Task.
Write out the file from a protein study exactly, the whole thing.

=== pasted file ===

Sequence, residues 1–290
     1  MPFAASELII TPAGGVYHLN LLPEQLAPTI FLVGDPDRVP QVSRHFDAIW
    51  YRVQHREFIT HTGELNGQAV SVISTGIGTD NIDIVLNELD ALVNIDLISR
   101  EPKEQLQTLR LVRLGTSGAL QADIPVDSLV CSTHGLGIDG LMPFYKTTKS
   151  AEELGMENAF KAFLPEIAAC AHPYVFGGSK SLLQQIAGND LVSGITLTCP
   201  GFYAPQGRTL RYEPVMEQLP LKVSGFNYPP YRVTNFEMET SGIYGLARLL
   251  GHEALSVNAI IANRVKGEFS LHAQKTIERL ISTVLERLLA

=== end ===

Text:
Sequence, residues 1–290
     1  MPFAASELII TPAGGVYHLN LLPEQLAPTI FLVGDPDRVP QVSRHFDAIW
    51  YRVQHREFIT HTGELNGQAV SVISTGIGTD NIDIVLNELD ALVNIDLISR
   101  EPKEQLQTLR LVRLGTSGAL QADIPVDSLV CSTHGLGIDG LMPFYKTTKS
   151  AEELGMENAF KAFLPEIAAC AHPYVFGGSK SLLQQIAGND LVSGITLTCP
   201  GFYAPQGRTL RYEPVMEQLP LKVSGFNYPP YRVTNFEMET SGIYGLARLL
   251  GHEALSVNAI IANRVKGEFS LHAQKTIERL ISTVLERLLA